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Page 3 - And he gave it for his opinion, that whoever could make two ears of corn, or two blades of grass to grow upon a spot of ground where only one grew before, would deserve better of mankind, and do more essential service to his country, than the whole race of politicians put together.
Page 132 - You take a hundred leaders of each party, you dispose them into couples of such whose heads are nearest of a size; then let two nice operators saw off the occiput of each couple at the same time, in such a manner that the brain may be equally divided.
Page 93 - em; As with a moral view design'd To cure the vices of mankind: His vein, ironically grave, Expos'd the fool, and lash'd the knave: To steal a hint was never known, But what he writ was all his own.
Page 10 - Whofe nobles, born to cringe and to command, (In courts a mean, in camps a...
Page 10 - A nation here I pity and admire, Whom noblest sentiments of glory fire, Yet taught, by custom's force, and bigot fear, To serve with pride, and boast the yoke they bear : Whose nobles, born to cringe and to command...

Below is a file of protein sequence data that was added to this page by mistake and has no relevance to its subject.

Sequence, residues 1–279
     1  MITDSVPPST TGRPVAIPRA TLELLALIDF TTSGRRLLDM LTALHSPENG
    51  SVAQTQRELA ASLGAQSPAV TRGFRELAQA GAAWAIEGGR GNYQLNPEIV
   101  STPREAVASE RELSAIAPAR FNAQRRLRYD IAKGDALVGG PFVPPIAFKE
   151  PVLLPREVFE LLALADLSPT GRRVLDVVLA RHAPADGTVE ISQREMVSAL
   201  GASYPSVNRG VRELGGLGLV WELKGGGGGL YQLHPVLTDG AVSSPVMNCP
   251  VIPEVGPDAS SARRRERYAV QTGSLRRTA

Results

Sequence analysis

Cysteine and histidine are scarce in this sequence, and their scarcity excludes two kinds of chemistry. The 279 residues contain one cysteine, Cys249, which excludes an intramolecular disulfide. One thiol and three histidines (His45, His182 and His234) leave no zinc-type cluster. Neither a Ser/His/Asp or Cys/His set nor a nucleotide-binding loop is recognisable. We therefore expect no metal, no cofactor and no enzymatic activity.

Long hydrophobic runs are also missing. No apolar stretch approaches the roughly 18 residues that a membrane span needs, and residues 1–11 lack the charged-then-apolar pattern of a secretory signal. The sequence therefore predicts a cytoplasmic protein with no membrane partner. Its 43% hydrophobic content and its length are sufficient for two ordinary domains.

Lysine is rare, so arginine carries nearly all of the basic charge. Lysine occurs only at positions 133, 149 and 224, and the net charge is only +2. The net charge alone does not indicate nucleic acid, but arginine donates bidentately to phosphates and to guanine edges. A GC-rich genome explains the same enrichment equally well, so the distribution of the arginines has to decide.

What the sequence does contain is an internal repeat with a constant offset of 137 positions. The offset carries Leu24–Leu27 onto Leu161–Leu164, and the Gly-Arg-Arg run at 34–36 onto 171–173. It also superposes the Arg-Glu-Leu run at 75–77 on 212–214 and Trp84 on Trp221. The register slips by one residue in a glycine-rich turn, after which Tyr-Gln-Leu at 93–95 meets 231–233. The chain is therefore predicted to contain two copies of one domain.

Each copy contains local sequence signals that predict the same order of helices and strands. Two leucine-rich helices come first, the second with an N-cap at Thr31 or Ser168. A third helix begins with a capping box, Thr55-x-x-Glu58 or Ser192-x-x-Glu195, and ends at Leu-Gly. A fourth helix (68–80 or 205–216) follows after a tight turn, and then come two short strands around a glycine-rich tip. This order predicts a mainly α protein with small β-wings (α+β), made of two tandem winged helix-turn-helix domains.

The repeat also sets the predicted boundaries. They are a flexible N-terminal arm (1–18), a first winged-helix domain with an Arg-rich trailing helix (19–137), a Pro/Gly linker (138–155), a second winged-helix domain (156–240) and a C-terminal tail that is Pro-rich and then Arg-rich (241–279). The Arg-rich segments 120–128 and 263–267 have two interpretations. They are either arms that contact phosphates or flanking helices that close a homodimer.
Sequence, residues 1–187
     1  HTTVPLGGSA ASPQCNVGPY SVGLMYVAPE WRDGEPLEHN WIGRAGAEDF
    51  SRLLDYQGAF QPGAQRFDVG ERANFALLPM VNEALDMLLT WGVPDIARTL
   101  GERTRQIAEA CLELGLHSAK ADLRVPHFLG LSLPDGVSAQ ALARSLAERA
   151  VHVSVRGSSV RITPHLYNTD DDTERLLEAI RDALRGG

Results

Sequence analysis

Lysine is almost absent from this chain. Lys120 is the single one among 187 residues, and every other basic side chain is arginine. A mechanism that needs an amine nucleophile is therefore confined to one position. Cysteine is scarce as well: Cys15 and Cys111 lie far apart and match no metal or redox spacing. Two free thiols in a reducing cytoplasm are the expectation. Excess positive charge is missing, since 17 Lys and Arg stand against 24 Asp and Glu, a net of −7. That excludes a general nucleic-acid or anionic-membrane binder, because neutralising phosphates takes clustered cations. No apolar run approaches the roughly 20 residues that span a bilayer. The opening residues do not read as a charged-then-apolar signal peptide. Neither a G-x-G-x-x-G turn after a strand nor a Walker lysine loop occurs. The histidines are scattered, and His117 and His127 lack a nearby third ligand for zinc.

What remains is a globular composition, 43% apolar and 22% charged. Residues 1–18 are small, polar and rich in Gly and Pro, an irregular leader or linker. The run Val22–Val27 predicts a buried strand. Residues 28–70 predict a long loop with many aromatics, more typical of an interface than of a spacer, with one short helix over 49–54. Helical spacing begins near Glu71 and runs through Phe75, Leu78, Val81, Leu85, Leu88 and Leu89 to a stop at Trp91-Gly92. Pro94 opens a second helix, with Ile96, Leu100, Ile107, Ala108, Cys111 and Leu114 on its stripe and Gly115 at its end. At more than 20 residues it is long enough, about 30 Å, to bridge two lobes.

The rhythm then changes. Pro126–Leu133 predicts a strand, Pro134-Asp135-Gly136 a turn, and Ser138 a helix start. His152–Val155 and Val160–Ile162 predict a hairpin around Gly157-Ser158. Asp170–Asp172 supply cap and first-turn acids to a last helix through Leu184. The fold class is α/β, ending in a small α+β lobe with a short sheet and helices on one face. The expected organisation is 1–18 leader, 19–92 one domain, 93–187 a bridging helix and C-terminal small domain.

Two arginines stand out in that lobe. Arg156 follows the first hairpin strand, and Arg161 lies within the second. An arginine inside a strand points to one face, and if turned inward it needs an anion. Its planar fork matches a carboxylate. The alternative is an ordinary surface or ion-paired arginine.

Page 75 - The heart that melts for others' woe, Shall then scarce feel its own. The wounds which now each moment bleed, Each moment then shall close; And tranquil days shall still succeed To nights of calm repose.
Page 74 - OFT I've implor'd the gods in vain, And pray'd till I've been weary : For once I'll seek my wish to gain Of Oberon the fairy.
Page 214 - And pointing to th' eternal throne.' The angel fpoke — nor hufoand dear, Nor children lov'd (a mournful train} Could from her eye attract one tear, Nor bend one thought to' earth again* The foul, impatient of delay, No more could mortal fetters bind, But fpringing to the realms of day, Leaves ev'ry human care behind.